8 oz. Burger Bar is kind of a study in Capitol Hill style relaxation.
It’s similar to the vintage styling at Lot No. 3, but a bit more casual, with menus that are titled ‘Food Menu’ and ‘Drinks Menu.’ There are TV screens above the bar, a vintage ice chest, and the burger of the day is written in chalk in friendly letters. Smiling beasts look down from the walls, almost commending you for digging in to that burger.
A friend of mine in town from Texas came to help divide and conquer, which was essential. (I’ve been at 8 oz before, and knew I was in for a ton of food.) It’s definitely a place for meeting people, with such large portions to go around.
For ‘drinks’, we had two milkshakes – the alcoholic Vanilla Dream milkshake ($10) and the PBJ shake ($7), both made with Bluebird ice cream. The Dream, with Fremont Whiskey, was quite sweet and had a generous pour of bourbon, with the ratio mellowing out for the better as we drank. But the winner was the PBJ – it was one of the best milkshakes I’ve ever had.
We then started full-tilt for food with the short rib poutine ($9). Made with a Beecher’s cheese sauce instead of curds, it fails the Canadian standard, but it’s tasty. It’s a more savory version than the sweeter poutine from Smith, closer to a sauce than chunks of rib. But that consistency works well against the crisp, salty fries, and for people trying to watch sports on the TV screens above the bar.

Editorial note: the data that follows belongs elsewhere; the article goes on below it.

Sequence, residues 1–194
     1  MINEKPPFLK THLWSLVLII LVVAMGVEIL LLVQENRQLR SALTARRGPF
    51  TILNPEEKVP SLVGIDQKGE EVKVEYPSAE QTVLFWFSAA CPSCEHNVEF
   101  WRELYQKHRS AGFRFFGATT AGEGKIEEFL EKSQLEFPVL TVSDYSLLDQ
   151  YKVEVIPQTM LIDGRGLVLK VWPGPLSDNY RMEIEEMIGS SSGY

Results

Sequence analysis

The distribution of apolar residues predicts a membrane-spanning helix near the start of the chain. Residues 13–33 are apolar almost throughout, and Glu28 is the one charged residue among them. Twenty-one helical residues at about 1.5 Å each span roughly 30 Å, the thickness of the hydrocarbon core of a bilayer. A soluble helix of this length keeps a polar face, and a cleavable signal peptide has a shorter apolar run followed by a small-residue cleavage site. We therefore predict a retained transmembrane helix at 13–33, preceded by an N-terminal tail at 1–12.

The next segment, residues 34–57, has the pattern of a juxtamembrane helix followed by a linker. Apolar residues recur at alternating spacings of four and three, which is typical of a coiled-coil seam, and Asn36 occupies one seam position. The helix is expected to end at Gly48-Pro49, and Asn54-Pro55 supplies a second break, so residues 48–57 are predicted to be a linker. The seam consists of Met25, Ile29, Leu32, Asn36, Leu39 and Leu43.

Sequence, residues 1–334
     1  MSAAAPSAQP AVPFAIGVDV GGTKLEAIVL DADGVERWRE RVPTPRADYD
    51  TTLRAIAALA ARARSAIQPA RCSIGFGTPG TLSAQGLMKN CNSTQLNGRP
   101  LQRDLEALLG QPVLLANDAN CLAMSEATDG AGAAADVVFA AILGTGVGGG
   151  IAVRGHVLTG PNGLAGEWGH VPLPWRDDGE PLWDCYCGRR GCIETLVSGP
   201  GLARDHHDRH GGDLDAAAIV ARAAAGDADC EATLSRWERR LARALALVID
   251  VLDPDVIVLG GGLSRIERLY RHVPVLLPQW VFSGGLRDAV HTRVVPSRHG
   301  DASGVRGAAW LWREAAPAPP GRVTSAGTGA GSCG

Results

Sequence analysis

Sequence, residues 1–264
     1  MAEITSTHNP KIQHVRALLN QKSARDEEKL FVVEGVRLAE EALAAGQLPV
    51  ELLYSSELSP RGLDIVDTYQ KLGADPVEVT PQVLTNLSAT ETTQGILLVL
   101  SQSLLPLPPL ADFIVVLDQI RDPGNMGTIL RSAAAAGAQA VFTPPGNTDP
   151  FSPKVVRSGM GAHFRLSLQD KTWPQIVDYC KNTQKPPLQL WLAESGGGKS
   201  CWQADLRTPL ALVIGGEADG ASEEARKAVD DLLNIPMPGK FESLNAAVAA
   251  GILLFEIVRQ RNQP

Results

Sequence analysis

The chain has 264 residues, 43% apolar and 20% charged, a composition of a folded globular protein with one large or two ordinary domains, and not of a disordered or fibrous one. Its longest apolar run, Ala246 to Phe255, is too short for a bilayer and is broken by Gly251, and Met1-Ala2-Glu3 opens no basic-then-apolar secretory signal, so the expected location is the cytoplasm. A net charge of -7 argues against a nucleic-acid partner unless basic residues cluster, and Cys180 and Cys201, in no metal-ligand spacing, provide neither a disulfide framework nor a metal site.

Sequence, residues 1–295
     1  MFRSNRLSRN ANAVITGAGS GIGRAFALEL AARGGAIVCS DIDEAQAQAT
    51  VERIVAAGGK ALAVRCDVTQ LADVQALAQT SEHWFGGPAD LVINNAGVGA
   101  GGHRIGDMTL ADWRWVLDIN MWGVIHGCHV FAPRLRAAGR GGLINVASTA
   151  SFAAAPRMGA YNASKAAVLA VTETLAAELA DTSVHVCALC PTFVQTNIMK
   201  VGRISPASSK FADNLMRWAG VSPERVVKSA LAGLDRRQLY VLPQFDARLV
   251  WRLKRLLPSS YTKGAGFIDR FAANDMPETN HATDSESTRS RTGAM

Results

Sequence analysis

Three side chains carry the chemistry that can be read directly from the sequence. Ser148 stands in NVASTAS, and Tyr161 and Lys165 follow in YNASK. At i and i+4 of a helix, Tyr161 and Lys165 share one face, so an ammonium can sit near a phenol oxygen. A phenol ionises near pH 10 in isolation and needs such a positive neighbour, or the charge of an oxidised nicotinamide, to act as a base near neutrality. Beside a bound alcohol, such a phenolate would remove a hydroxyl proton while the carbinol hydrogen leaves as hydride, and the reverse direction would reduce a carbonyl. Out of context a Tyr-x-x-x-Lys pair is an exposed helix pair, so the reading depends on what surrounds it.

The short rib grilled cheese ($12), with onion marmalade and havarti, is a good balance of meat and salt. The cheese has that good pull I associate with the best of grilled cheeses, and you get nice hunks of meat. But it’s the same meat preparation done for the poutine, so getting both in one meal is really heavy on the short rib. Pick one and be happy.
The 8 oz burger ($16) is fun. The patty is a softly formed chunk of beef with a nice char, surrounded by a lightly toasted bun, wild baby arugula, balsamic onions, Hemplers bacon, Beecher’s flagship cheese, and truffle aioli.
One unusual aspect of ordering a burger here for true carnivores is you can only order your meat medium or well, not medium rare, but it’s still a good burger. I wish the brioche bun was slightly stronger in flavor, so as to be more than just a vehicle to get the meat to your mouth, but that’s a preference issue. I’d love to try the lamb and wild boar burgers next time, which sounded deliciously carnivorous, or the pretzel bun, as I love the pretzel burgers at Bravehorse.
The brussels sprouts were good enough for seconds – these are beautifully roasted, crispy, salty bites of semi-healthy goodness, with bacon for good measure. The bacon isn’t as good as the sprouts, but together they’re beautiful. (Yes, I said bacon wasn’t as good as a leafy vegetable. Just try them.) We were so full, we could barely appreciate the onion rings, which are fluffy, beer-battered renditions. Vik loved them, I was more entranced by the sprouts. You’re in good hands either way.
In all, it’s filling, greasy, meaty, locally sourced food, and the milkshakes are spectacular. Come for happy hour, when the food options are $2-$8, grab a couple shakes, and watch the game. You’ll be glad you did.
8 oz. Burger Bar
Seattle, WA 98122